Our responses developed and changed over the course of the year through a process that was collaborative and creative. For the first two sessions I worked to create an atmosphere in which people could think about themselves in the context of this question. I designed a program of creative activities designed to foster that environment. One activity, for example, was to try to call on and actually think about our adaptability. How we need to both be ourselves, but how we also need to adapt to our environments in order to do our best work. So, I had developed an idea about our “almost selves.” This activity offers a way to think about who it is that you almost are but you never quite let yourself be. And we used performance and spoken art as a way for people to get that across. So I had a group of people who were almost rock singers get together and create a rock band. A group of people that were almost dancers performed as a dance ensemble. There was also a spoken word group. As the year progressed, it became much more about the participants themselves, thinking about their responses. And then the culmination of all this was a presentation of their responses at the Town Square at Yerba Buena Center for the Arts. Performances, pieces of art, and technology driven participatory performance art, were all produced by our group that day.

How does your residency work fit into that cultural shift you believe needs to happen?

I got a really good insight into how to do the work by my residency at the Yerba Buena Center for the Arts. The process YBCA has fully embraced includes the constant use of inquiry back and forth and a lot of the purpose of that inquiry is to improve the big questions. And I think that technique can be extremely valuable to exploring such a big shift as the kind of paradigm shift that we were talking about a minute ago.

In my residency, my participants inquired of one another, and of me, about the question that we started with, and it isn’t the question we ended up with. We ended up with a better question to answer. It’s not so different from what technologists do in terms of prototyping, or what any critical process does to better define a problem. But this is more inclusive. You don’t have to have a certain kind of academic degree or a certain kind of experience or certain kind of approach to life to be able to utilize this kind of inquiry. I like that very much.

What was your major takeaway from this residency experience?

My first biggest takeaway from the experience was the original anxiety and tension, and even anger among participants, in the context of this particular question, just to even figure out how to talk to one another. And I think that again is so directly an important concept to place into this question of how we achieve the vision that we described a minute ago, right?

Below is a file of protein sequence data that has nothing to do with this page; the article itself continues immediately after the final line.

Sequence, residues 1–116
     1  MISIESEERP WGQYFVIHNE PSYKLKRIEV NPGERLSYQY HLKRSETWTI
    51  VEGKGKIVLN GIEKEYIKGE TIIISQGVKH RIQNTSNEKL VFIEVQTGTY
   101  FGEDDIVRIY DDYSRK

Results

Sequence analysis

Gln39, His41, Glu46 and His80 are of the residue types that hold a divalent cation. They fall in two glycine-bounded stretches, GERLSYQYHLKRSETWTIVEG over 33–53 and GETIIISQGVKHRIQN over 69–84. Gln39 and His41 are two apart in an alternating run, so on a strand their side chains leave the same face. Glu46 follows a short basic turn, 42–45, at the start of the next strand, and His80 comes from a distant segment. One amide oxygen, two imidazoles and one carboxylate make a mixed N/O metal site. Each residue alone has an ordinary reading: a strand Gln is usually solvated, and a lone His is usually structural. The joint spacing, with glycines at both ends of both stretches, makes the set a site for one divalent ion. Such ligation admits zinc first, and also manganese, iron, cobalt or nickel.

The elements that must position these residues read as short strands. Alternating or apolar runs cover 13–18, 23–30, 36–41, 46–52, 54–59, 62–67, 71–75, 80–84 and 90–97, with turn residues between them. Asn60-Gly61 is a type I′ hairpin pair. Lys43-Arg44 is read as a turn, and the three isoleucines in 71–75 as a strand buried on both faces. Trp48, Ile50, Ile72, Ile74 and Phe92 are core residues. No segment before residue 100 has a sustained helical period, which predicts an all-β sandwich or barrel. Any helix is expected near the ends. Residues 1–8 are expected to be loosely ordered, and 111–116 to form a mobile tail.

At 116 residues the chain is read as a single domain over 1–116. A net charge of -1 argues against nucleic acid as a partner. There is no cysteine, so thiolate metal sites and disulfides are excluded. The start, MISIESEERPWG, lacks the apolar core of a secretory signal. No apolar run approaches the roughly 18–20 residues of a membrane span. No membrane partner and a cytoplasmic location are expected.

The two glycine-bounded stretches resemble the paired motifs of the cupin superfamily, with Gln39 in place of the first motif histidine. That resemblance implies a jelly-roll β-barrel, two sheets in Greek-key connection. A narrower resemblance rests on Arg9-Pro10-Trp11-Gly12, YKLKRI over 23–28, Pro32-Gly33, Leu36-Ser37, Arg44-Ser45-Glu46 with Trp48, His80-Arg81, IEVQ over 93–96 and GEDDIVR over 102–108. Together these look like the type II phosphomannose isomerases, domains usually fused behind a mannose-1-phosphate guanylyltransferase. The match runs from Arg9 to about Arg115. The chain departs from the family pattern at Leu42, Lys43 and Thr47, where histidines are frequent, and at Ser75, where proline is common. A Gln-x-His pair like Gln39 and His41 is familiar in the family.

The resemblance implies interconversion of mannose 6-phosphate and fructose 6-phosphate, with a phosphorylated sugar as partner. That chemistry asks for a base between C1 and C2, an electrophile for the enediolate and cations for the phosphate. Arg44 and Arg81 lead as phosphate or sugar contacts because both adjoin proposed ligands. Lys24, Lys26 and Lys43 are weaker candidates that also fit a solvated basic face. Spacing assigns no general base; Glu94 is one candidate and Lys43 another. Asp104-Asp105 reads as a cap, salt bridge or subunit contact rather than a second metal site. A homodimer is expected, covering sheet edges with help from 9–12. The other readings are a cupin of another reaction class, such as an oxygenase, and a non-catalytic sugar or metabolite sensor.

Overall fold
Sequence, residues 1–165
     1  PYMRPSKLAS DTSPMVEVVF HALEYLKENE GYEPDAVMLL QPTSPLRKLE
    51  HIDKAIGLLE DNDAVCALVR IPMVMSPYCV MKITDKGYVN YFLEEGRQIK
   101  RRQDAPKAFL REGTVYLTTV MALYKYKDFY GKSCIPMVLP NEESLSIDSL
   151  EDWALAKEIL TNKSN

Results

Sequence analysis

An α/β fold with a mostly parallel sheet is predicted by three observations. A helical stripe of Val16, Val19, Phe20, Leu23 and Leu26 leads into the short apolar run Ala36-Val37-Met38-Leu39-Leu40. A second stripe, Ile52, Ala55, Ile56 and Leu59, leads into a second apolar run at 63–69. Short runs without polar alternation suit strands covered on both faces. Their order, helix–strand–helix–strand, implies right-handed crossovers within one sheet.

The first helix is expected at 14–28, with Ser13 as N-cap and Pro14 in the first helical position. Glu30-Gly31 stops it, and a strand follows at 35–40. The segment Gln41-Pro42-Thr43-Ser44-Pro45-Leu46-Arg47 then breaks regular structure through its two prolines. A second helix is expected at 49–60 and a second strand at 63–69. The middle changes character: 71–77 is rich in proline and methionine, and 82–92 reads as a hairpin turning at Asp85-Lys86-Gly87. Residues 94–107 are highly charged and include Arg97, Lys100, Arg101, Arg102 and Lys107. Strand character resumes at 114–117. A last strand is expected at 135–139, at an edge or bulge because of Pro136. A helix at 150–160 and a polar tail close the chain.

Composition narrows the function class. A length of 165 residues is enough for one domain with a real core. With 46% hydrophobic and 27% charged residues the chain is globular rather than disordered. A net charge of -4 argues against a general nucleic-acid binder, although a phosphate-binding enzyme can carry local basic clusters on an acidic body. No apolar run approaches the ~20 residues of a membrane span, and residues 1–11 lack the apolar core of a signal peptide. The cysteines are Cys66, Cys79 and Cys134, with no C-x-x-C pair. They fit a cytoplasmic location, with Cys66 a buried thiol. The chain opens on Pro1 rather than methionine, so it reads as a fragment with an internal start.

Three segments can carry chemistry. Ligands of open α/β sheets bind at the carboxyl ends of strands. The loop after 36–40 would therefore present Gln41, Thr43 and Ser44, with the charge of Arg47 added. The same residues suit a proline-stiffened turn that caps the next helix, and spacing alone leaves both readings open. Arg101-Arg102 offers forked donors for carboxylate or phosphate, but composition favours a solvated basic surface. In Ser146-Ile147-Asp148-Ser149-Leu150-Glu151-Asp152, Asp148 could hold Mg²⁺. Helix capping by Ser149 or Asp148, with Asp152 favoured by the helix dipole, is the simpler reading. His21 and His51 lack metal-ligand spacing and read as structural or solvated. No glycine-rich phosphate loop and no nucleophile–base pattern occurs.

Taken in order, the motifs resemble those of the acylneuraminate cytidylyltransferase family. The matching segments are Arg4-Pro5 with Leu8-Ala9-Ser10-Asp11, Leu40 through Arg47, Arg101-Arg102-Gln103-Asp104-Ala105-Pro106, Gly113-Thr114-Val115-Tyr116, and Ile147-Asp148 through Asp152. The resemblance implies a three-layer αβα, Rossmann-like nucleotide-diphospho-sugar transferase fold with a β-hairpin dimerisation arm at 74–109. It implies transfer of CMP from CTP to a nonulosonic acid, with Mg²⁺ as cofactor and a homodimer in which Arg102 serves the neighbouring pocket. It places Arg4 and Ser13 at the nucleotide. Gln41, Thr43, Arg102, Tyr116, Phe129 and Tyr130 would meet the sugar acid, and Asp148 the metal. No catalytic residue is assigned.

Figuring out how to talk to one another is an important component. But more tactically and more tangibly, the other thing that was a real takeaway for me was how big an opportunity we have to use more fully the powerful voices of artists and creative entrepreneurs.

How we can really capitalize on these incredibly powerful people with their powerful voices to leverage some of the critical thinking that we need to do is a really important takeaway for me. And we see this, and hear this evidence a lot of on the ground anecdotes about our work.

What is inspiring you in 2016? What gives you hope?

People.  Always. Those who find the big loves, as David Brooks the NY Times columnist would call it, and can keep the small loves alive every day as well.

How would you define your Big Loves?

For me, my big love is an equitable future for us all. I’m so in love with life on this planet as I know it. But I am also so aware and sensitive to how hard it is for so many of us to even live here today, much less imagine living here 100 years from now. That’s my big love.
NRB Headshots-39Penelope Douglas is a social entrepreneur, pioneer in community development investment, investor, co-founder and CEO of Pacific Community Ventures, and former Chair of the Board of Mission HUB and SOCAP. She serves as a Board Director at New Resource Bank, Opportunity Finance Network, and StartGrid. Penelope is an Advisor to the RSF Social Finance Social Investment Fund, the Wells Fargo Bank New Markets Tax Credit Investment, Fund Good Jobs, Heritas Group, and Halloran Philanthropies. Between Spring 2015 and Spring 2016 Penelope served as Artist in Residence at Yerba Buena Center for the Arts.